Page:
No woman in our country is ever truly safe from men’s violence, not in her workplace, not in her neighbourhood, and not in her home.

It’s been a hard year to be a woman. Our stories have filled the news, with our safety, our bodies and lives becoming public debate. In March, cities across the nation felt the feet of women flood streets, with one message — enough is enough.

While Australia grapples with uprooting a deeply embedded culture of misogyny, sexism, and violence against our women — it seems we aren’t ready to talk about the misogyny, sexism and violence perpetrated against First Nations women.

And the price of that silence is paid by First Nations women.

In the face of ignorance and active silencing, First Nations women have called loud and clear for a path to progress — a standalone, First Nations-led National Safety Plan to reduce violence against Aboriginal and Torres Strait Islander women and their children.

It is now is what Aboriginal and Torres Strait Islander Social Justice Commissioner June Oscar calls a “window of opportunity”.

It’s a time when government can create real change, with First Nations women “front and centre, not as afterthought or add-on”.

In the words of Dr Hannah McGlade, a standalone plan would address “systemic and structural violence” and “will identify the issues, adopting an intersectional approach, that properly acknowledges Aboriginal women’s identity”.

“We cannot effectively address violence against Indigenous women with one-sized all approaches that deny Indigenous women’s actual experiences.”

With the legacy of colonisation, violence against First Nations women is very different to the violence experienced by non-First Nations women.

“We come with a very unique experience of a society of people that have been colonised, and the impacts and trauma of that. We can’t sit alongside non-Indigenous women and say we have had the same experience, historically there is a huge difference,” Ms Oscar said.

“We need a government and a process to be able to be open to Indigenous women. And we need the equal investment in ensuring First Nations women have a voice.”

Now is the time, but the question remains — will the Morrison Government act?

Women’s Safety Minister Anne Ruston said the Government was working to “develop a plan that is specific and targeted” to the needs of First Nations women and children.

But when it comes to the Morrison Government doing anything for women, one would be a fool to believe words are anything more than words.

“There’s a lack of care and concern, even though it is well known that Aboriginal women do suffer extremely high rates of violence including murder,” Dr McGlade said.

“The lack of response and concern we can only put down to racism.”

When it comes to addressing violence against First Nations women, settler colonialism is alive and well.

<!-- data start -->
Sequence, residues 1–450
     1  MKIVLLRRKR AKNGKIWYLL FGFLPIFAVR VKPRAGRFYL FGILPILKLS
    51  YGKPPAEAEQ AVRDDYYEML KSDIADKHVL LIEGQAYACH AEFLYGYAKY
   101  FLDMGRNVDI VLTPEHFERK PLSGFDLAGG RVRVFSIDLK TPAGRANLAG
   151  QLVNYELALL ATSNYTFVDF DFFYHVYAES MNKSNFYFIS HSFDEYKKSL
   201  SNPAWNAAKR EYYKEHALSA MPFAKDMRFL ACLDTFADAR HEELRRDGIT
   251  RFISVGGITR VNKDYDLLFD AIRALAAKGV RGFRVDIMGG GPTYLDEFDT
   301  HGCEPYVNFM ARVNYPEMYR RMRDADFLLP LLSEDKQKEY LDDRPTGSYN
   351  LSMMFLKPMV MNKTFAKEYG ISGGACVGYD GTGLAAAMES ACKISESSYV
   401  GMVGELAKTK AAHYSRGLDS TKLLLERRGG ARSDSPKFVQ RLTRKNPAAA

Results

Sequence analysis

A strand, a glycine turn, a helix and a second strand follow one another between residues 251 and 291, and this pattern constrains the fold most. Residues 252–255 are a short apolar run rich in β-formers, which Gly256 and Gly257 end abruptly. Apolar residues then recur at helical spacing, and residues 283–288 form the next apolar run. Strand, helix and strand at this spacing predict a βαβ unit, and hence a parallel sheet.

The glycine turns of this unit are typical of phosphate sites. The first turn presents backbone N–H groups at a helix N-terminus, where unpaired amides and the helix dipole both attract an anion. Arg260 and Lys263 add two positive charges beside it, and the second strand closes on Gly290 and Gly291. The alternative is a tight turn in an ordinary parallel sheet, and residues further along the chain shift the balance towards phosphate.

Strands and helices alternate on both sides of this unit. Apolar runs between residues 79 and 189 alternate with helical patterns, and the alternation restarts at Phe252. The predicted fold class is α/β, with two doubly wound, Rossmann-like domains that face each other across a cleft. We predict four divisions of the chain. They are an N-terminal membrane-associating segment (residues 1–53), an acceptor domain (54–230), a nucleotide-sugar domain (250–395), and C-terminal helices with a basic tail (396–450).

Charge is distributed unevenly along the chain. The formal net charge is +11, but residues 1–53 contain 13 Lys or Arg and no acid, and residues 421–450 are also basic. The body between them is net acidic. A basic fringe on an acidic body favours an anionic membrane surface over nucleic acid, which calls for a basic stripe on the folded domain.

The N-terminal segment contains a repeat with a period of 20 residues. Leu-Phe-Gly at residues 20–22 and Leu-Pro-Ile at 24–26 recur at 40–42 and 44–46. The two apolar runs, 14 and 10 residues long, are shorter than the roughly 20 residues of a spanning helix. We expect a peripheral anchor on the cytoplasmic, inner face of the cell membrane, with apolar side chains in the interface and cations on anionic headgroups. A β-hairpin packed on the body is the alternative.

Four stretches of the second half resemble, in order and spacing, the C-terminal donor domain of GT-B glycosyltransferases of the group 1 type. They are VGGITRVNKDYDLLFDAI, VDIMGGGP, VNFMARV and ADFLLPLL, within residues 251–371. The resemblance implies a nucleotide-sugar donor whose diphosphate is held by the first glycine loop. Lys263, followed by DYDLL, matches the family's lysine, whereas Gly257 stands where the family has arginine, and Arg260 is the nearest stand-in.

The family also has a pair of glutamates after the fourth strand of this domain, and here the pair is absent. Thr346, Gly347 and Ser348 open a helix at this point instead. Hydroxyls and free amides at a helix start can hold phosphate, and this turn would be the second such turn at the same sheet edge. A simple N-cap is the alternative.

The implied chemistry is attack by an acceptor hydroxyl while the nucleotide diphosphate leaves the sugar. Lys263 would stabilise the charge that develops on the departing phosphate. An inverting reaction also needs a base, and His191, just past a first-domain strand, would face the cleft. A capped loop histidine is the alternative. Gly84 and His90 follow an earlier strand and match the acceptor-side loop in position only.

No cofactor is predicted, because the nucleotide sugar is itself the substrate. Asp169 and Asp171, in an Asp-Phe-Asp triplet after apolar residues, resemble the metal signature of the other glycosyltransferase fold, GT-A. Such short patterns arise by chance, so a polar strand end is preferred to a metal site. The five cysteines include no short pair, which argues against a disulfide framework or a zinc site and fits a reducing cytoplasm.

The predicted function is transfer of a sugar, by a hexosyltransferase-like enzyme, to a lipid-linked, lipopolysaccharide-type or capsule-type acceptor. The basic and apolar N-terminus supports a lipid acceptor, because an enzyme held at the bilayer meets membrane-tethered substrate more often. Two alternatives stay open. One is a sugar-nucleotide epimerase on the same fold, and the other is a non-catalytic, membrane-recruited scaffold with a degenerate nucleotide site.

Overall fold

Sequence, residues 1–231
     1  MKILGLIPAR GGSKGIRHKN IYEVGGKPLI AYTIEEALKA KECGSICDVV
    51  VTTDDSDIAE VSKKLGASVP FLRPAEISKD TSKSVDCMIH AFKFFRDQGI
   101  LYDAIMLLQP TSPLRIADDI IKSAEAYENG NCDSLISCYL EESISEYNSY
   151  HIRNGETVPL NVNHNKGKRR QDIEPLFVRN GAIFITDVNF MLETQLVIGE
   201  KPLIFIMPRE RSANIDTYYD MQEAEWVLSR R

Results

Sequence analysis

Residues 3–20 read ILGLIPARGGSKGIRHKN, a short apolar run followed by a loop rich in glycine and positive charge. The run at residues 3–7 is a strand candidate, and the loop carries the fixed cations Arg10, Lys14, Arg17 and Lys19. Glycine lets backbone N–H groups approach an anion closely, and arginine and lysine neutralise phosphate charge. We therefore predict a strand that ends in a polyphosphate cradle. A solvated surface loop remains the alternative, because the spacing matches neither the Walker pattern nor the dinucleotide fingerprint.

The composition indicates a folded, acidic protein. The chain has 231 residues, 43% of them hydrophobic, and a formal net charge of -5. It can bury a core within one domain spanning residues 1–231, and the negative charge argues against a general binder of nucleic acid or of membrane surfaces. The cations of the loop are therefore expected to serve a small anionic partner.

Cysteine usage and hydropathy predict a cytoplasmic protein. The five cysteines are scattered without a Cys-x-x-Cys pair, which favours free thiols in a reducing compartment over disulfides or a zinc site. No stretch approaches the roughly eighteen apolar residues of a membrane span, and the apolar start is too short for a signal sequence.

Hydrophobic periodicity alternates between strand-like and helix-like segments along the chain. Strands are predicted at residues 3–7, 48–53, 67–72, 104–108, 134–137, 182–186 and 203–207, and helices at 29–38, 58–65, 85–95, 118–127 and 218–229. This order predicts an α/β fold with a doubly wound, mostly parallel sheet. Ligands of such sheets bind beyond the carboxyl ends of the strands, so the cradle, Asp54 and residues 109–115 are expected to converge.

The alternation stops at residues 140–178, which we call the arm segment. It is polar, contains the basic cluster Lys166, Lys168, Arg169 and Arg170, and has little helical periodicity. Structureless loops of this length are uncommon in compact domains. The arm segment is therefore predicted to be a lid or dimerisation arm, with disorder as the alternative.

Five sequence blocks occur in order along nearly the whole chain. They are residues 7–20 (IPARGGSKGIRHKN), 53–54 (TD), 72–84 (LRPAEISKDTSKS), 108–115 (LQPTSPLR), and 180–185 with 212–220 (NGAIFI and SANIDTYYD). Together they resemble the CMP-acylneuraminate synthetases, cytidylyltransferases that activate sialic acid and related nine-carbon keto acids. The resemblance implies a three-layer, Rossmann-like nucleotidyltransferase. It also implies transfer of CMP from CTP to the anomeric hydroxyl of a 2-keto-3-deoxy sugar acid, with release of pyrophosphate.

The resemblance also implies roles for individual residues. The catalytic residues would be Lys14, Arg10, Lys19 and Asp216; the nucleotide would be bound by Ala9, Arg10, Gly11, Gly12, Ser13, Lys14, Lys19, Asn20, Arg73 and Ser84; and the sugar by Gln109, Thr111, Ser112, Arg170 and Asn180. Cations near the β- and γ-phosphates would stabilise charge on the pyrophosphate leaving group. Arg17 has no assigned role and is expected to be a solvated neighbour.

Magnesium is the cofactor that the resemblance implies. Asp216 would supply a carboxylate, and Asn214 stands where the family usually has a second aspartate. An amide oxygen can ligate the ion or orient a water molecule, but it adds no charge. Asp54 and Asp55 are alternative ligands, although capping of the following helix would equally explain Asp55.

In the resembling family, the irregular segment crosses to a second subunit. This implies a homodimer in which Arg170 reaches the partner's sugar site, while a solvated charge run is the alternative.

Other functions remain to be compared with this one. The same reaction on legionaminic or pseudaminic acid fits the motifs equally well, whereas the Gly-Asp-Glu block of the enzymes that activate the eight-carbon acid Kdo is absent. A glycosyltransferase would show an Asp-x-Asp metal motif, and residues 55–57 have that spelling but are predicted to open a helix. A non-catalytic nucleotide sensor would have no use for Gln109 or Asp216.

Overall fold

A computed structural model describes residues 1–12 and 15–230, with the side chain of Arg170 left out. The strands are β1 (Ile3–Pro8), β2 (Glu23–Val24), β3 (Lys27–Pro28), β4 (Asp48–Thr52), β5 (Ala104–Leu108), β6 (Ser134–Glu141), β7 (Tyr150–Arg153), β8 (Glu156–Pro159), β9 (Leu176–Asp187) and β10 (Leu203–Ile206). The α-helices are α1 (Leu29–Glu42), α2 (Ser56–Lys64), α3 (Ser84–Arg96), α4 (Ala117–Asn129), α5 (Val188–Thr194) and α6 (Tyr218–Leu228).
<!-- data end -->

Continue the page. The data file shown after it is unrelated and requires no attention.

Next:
“We’re seeing Australia act as a settler society, not willing to respect Indigenous leadership and decision-making properly in relation to the issue of violence against women and child safety,” Dr McGlade.

Ms Oscar said the world had been “constructed based on ideologies of ethnocentrism. That someone from the dominant culture will always revert to what they know, rather than being open to being informed by cultural groups or Indigenous peoples”.

“We have the tools to navigate these issues, but our situation is compounded with the fact that socially we haven’t truly recognised and embraced the fact that Indigenous Peoples have solutions to these matters.”

We’re at crisis point, we are losing women at an unfathomable rate and interventions are not working.

In Dr McGlade’s words, “this is about women’s lives, children’s lives, our future as Indigenous people”.

“As Aboriginal people we are fighting oppression and human rights abuse on so many levels, Indigenous femicide poses a threat to our survival as a people.”

Our human rights, our lives, our children, and our future as women sit in the hands of the Morrison Government. Without action, without investment, the legacy of the Morrison Government will only be a commitment to violence — and a message that we do not matter.

The time is now. Enough is enough.

By Rachael Knowles


If you are experiencing family or domestic violence, please contact:

  • National Sexual Assault and Domestic Violence counselling service – 1800 RESPECT
  • Domestic Violence Line NSW – ‍1800 656 463
  • Kids Helpline – 1800 551 800

Visit for more information and to download free resources.


About the illustrator
Kimberly is a proud South Sea Islander and Aboriginal woman from Bundjalung Country.
She has a business called K-Rae Designs – where she is a digital illustrator and also has an online store where she sells her range of stationery, which includes greeting cards, notepads, journals, stickers and her own line of apparel. 
Her love for bold lettering and bright colours are always evident in her work.
Kimberly aims to connect to audiences of all ages through icons and illustrations inspired by popular culture.
Insta: @k.rae.designs 
Facebook: @kraedesignsau